Not single-handedly, but for some reason Rook had a way of sticking in people’s minds like an irritating burr.
“Yes,” I told the innkeeper. “We are brothers.”
“Don’t look anything alike,” said the innkeeper’s daughter. She wasn’t looking at me. She was staring straight at the window, out toward whatever place Rook had disappeared to earlier. The excuse was that he intended to stretch his legs, but we’d been walking for half the day, and personally I would have found it more relaxing to take a hot bath, have a hot meal, and compile notes about what we’d seen.
“Ah,” I agreed, not trying to offend her either way. Searching for some other topic, I happened upon the only matter on which I was an expert. “I notice that you have an accent of peculiarly—”
“I’d best be seeing to the horses,” she said, hurriedly fixing a strand of her hair before disappearing out the door.
“Now, you listen here,” the innkeeper said, reaching across the desk and grabbing me by the collar. “I don’t want any funny business in my establishment.”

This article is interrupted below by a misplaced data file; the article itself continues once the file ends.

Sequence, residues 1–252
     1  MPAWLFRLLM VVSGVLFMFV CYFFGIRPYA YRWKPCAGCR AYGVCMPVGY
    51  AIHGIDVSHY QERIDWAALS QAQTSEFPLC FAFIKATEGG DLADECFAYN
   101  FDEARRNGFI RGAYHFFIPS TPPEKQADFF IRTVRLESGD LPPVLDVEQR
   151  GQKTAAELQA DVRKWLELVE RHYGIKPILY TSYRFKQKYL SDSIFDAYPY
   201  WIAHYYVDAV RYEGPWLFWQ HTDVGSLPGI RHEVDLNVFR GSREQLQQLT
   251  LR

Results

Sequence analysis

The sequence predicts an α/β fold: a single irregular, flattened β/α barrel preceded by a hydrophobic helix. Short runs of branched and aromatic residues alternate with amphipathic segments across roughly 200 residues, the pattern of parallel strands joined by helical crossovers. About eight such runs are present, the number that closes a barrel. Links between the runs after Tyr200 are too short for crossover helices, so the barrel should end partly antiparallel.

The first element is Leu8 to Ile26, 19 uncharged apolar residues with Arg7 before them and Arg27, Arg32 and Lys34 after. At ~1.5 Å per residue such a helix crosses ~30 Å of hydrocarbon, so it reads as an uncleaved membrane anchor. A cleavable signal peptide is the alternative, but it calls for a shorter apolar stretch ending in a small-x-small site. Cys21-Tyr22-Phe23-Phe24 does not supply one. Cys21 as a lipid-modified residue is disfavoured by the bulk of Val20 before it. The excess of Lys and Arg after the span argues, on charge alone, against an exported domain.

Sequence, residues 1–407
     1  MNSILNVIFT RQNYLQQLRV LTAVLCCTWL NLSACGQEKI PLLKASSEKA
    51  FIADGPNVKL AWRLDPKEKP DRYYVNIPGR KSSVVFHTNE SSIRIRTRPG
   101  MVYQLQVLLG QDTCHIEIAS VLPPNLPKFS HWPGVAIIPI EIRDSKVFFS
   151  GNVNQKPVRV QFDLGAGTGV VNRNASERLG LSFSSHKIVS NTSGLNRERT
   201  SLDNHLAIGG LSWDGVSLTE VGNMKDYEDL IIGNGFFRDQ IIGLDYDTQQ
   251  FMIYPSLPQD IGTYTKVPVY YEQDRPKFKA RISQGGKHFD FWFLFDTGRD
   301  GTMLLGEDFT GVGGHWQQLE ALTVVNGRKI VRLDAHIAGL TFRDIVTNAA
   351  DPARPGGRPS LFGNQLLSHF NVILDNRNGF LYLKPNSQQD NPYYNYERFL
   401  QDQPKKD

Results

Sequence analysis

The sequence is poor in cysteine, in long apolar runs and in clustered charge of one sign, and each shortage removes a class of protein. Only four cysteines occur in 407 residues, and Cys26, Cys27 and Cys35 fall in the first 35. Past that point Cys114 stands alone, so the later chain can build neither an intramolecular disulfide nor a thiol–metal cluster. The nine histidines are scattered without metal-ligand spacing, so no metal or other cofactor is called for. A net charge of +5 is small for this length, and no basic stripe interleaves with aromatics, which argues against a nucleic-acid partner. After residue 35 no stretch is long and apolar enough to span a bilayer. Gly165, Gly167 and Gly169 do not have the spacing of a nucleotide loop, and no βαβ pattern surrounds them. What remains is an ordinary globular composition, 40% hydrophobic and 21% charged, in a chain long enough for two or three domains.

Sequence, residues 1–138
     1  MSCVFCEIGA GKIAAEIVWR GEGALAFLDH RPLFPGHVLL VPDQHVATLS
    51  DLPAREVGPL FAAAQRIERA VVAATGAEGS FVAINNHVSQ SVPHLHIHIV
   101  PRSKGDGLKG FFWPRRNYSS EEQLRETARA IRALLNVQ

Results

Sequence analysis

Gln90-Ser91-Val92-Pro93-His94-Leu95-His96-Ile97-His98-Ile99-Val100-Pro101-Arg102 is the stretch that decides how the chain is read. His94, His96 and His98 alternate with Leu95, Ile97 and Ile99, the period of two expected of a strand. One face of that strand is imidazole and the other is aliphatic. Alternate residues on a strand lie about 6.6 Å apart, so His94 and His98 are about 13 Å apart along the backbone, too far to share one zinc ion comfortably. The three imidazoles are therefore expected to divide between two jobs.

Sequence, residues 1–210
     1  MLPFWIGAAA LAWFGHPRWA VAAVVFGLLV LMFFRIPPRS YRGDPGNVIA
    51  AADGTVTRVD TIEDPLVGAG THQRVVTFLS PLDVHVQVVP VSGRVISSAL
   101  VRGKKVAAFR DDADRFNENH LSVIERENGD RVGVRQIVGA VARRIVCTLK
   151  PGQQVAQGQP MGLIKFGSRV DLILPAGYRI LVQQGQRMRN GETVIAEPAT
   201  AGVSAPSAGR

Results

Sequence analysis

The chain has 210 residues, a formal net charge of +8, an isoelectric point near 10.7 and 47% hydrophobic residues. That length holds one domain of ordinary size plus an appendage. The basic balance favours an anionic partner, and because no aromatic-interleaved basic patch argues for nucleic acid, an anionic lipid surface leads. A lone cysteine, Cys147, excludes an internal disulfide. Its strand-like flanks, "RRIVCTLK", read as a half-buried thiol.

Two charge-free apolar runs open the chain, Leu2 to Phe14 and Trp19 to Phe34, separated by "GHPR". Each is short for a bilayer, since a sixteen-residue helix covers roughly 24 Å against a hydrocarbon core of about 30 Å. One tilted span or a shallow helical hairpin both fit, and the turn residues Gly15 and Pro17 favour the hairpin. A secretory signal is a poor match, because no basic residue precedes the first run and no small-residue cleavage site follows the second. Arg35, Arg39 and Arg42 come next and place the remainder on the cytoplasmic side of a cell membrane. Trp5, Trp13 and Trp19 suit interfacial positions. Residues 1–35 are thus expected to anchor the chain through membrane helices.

“She’s just gone to see—”
“The horses?” the innkeeper said. “Horses my left nut. She doesn’t need to fix herself up for any horses. You find that brother of yours and you make sure nothing happens.”
“I will do my utmost,” I promised. It was the liar in me reassert- ing himself—though it wasn’t a true lie, since I did intend to try my hardest.
I just wasn’t particularly optimistic about our chances—mine or the innkeeper’s.
But what was most shocking to me was that anyone seemed to think that I’d have any influence on the situation. Despite what had changed since the time of our meeting in Thremedon—a time I preferred to examine in private, like poking at a bad tooth—it was fair to say that I still had very little influence upon what my brother chose to say and do.
To his credit, thus far Rook had managed to avoid any behavior that would have gotten us thrown out of a night’s accommodation, but this was hardly the first time I’d been threatened in this manner. And it seemed that all the innkeepers we’d encountered were under the misapprehension that I had some control over my brother.
This was far from the truth, but I found myself marching off to avert disaster as best I could—a lone sandbag against the coming flood.